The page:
The transfer case is the most important part of the four-wheel-drive system in your rig. Typically, this means that you want something that gives outstanding work and exceptional reliability. But despite the array of transfer cases available, there is one question that needs to be answered. Who has proven himself to be tough and durable?
The four Wheeler got around to the old all-actually square discussion and made a list of our current favorites to answer this question. Surprisingly, there is not much discussion as we all chose basically the same units. In this list which is not in any specific order, you will find some familiar features which are proven performers in ‘Wheeling World.’ You’ll also see a few related tools in transfer-case technology and beef to a whole new level. One thing in common in all these transfer cases is that we will bolt any of them under our rig. In fact, some of us have.
The NP208 is an honest, lightweight, chain-driven transfer case. It is perfectly sufficient for everyday use, except perhaps the slip on the output shaft; there is nothing wrong with it naturally. It was used in various 1980s applications, including Jeep, General Motors, Dodge, and Ford pickups.
The primary concern of the NP208 is the output shaft slip yoke found on most applications. For everyday driving and the use of normal four-wheel drive, a slip yoke may not be an issue. For vehicles that are aggressive on off-road use, a high degree of flex or objective and lifted vehicles (especially with short wheelbases), a slip jock can quickly become the Achilles heel of a drive train system limiting its capacity. In addition to the concerns related to the driveshaft vibration, the slip yoke can easily get you stuck in the event of a U joint or driveshaft failure. In general, the vehicle can be hoisted at home by removing the rear driveshaft and relying only on the front axle. But after removing the driveshaft, the NP208 slip yoke will not fit, and the remanufactured transfer case will lose its full oil supply. Without lubrication, you are unlikely to make it away. Fortunately, there are upgrade kits on the market that will transform the transfer case into a fixed one and alleviate these worries.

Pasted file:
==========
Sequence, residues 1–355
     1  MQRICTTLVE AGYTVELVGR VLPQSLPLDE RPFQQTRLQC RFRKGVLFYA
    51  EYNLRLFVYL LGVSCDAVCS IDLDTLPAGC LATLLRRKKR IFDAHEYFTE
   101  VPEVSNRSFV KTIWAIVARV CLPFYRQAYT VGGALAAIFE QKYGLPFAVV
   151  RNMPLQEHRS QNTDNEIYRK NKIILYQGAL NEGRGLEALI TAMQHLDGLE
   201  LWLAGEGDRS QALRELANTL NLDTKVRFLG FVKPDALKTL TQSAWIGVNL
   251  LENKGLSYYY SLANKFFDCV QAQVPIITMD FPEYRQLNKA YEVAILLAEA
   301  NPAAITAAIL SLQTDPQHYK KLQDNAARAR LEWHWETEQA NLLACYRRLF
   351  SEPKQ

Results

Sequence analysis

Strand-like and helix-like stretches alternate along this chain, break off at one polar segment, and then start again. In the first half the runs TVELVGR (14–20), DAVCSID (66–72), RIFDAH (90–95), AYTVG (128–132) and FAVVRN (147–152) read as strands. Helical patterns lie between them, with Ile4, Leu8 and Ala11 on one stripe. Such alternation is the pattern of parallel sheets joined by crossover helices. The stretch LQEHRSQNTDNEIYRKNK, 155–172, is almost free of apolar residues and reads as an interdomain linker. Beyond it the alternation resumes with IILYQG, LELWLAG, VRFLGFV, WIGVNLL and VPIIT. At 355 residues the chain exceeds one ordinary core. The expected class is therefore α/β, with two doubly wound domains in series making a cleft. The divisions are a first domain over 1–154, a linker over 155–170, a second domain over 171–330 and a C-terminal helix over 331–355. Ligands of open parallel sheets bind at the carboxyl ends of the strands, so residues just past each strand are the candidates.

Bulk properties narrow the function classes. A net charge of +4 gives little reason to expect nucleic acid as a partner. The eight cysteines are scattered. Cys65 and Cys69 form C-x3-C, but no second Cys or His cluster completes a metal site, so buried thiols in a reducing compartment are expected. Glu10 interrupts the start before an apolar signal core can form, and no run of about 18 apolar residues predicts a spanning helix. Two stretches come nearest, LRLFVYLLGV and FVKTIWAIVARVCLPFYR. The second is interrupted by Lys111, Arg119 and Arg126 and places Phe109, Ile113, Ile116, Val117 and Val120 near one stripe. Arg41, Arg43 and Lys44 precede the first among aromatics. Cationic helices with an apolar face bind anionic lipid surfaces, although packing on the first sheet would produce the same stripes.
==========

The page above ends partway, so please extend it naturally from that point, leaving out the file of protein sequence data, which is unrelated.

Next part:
Borg Warner manufactures the BW4404 chain. The BW4404 has an AWD torque-on-demand, part-time transfer case. This unit was used early in 1996. The BW4404 has a magnesium case and uses a greasy clutch system; this case was made with a left side drop output and had a low gear ratio of 2.72 to 1.
This unit may have issues with premature chain and sprocket cat and greasy coupler wear failure; mileage failure has also been observed in these parts. Another problem associated with the BW4404 transfer case is the failure of the input shaft. However, in general, the BW4404 design is perfect for the horsepower rating for which it is specified, receiving good ratings for operation in snow conditions.
The BW4405 transfer case is a Four Wheel Drive system. A common electronic module controls it. The transfer case can change the torque between the front and rear driveshafts to drive at full highway speed at 4WD when in automatic mode.
The BW4405 transfer case suffers from a mechanical failure that results in noise from the transfer case at the coast or during a downturn, or vice versa. Before this failure, the transfer case probably made a throbbing noise constant at 40-60 mph speed. On inspection, you will see the range hub and range fork damaged.
The BW4405 transfer case will sound if there is a difference in reading depth of more than 0.15 mm (0.06-in.) Between the front and rear wheels. The difference in the rolling portion can be caused by a difference in the tread of tire pressure. Remanufactured transfer cases can also make noise if the unit is low in fluid.
Dana 18 transfer case is a strong part of your vintage jeep that you can definitely trust. However, there will be a time when you have to change parts of your transfer case. You may have been few of the lucky ones to find this war-proven transfer case attached to a T86 transmission for sale. Even better if you have a strong T90 transmission for sale with a transfer case attached to it. The chances are that the Model 18 requires replacement parts in both situations.